|Year : 2013 | Volume
| Issue : 3 | Page : 443-446
Diagnosis and management of bilateral nasolabial cysts
Rajkumar Parwani1, Simran Parwani2, Sangeeta Wanjari1
1 Department of Oral Pathology, Modern Dental College and Research Centre, Indore, Madhya Pradesh, India
2 Department of Periodontics, Modern Dental College and Research Centre, Indore, Madhya Pradesh, India
|Date of Web Publication||17-Jan-2014|
A-306 Staff Quarters, Modern Dental College Campus, Bijasan Road, Gandhinagar, Indore - 453 112, Madhya Pradesh
Source of Support: None, Conflict of Interest: None
| Abstract|| |
Nasolabial cysts are painless, submucosal, non-odontogenic jaw cysts presenting as soft tissue swellings in the maxillary anterior mucolabial fold lateral to midline, leading to elevation of nasal ala. Present case documents bilateral nasolabial cysts in a 69-year-old Asian female patient. In the present case, extraoral swelling of maxillary lip and elevation of nasal ala was observed on right side of the face. Intraorally, soft and fluctuant bilateral cysts were observed. Straw-colored fluid was aspirated from the right cyst. Radiographically, erosion of bone in a "cupping" fashion was observed in the region of left cyst. The cysts were enucleated using intraoral approach. Histopathology of the right-sided cyst revealed a cystic cavity lined by stratified squamous cells along with a few mucosal cells. At few places, stratified squamous and pseudostratified columnar epithelia with many cilia and goblet cells were also evident. Capsule was loosely arranged with fibrous tissue and chronic inflammatory infiltrate. Left-sided cystic specimen showed two or more layered stratified squamous lining epithelium with thin capsule. Diagnosis of bilateral nasolabial/nasoalveolar cysts was confirmed.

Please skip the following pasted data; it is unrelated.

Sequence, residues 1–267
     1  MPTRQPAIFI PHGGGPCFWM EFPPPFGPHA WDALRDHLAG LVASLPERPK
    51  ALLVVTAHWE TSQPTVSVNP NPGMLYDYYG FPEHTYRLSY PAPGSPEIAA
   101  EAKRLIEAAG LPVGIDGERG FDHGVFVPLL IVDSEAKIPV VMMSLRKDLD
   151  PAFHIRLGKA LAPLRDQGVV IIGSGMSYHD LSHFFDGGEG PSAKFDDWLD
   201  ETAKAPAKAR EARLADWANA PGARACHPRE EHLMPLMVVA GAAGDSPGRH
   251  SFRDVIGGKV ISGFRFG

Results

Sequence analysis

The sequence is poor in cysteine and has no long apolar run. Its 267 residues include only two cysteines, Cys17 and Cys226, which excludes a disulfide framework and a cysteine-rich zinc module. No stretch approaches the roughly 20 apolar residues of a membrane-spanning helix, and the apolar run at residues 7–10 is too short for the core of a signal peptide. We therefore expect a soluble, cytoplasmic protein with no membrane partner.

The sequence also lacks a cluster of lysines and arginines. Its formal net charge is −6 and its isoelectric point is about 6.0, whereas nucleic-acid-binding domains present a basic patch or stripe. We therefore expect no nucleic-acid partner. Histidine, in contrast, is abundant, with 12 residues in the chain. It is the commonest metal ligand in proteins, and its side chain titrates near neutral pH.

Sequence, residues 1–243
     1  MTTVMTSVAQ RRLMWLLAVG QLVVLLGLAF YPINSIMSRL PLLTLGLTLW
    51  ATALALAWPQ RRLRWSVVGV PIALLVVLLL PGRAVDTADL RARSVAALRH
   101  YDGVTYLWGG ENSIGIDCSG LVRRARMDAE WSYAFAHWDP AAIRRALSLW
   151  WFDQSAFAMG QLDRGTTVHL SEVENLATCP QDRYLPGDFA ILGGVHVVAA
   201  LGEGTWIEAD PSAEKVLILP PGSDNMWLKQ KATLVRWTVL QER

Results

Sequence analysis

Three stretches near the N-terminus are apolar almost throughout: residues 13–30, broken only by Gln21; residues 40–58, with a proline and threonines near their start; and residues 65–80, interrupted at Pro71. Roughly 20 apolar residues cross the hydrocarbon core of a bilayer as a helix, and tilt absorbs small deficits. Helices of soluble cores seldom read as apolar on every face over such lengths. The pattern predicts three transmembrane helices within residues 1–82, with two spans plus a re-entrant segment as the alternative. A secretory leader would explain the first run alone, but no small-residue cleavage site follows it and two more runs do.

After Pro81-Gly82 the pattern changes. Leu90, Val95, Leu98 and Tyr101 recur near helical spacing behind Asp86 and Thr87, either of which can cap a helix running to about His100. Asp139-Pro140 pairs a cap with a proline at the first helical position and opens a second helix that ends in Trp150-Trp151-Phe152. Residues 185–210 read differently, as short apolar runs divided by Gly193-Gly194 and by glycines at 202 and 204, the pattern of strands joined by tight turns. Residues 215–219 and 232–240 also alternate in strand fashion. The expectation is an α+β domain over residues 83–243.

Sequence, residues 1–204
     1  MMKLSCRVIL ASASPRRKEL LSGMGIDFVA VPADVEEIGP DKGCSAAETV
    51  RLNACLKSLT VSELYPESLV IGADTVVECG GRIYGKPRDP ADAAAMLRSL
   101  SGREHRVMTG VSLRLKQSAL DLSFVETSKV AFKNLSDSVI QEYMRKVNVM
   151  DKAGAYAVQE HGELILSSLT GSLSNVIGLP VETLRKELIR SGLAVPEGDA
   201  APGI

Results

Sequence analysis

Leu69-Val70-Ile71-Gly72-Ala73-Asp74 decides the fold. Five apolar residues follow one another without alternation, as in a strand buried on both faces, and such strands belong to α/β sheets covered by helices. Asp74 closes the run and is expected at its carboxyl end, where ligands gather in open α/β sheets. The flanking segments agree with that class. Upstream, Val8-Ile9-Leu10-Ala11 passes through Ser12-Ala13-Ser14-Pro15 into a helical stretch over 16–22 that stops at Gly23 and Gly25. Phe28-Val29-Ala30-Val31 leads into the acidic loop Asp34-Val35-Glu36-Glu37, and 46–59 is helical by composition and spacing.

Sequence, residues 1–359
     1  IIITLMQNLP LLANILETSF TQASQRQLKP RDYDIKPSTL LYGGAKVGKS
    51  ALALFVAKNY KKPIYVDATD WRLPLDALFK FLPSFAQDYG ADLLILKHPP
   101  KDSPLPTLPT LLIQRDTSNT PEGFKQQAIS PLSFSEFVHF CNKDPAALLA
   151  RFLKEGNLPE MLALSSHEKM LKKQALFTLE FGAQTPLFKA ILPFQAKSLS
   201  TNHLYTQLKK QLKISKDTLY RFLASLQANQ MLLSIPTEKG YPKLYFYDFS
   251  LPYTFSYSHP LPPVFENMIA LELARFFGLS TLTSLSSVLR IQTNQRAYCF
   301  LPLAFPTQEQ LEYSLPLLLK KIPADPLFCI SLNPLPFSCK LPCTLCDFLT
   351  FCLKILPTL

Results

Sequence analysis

Keywords: Non-odontogenic cyst, nasoalveolar, nasolabial
|How to cite this article:|
Parwani R, Parwani S, Wanjari S. Diagnosis and management of bilateral nasolabial cysts. J Oral Maxillofac Pathol 2013;17:443-6
|How to cite this URL:|
Parwani R, Parwani S, Wanjari S. Diagnosis and management of bilateral nasolabial cysts. J Oral Maxillofac Pathol [serial online] 2013 [cited 2021 Jul 24];17:443-6. Available from: https://www.jomfp.in/text.asp?2013/17/3/443/125217
| Introduction|| |
Nasolabial cyst is a rare developmental/fissural cyst that may involve bone secondarily.  Intraorally, it presents as a soft-tissue swelling of the maxillary anterior mucolabial fold, lateral to midline leading to obliteration of the nasolabial fold. It is submucosal and extraosseous, spreads in the labial sulcus and expands all the soft tissues outwards.  Extraorally, it appears as a swelling between the upper lip and nasal aperture causing elevation of nasal ala.  The terms nasolabial and nasoalveolar cysts have been used synonymously, as these are similar cysts with the only difference that the former is a lesion located entirely within the soft tissues and the latter causes maxillary alveolar bone erosion. , A case report of a female patient with such bilateral cysts is presented here.
| Case Report|| |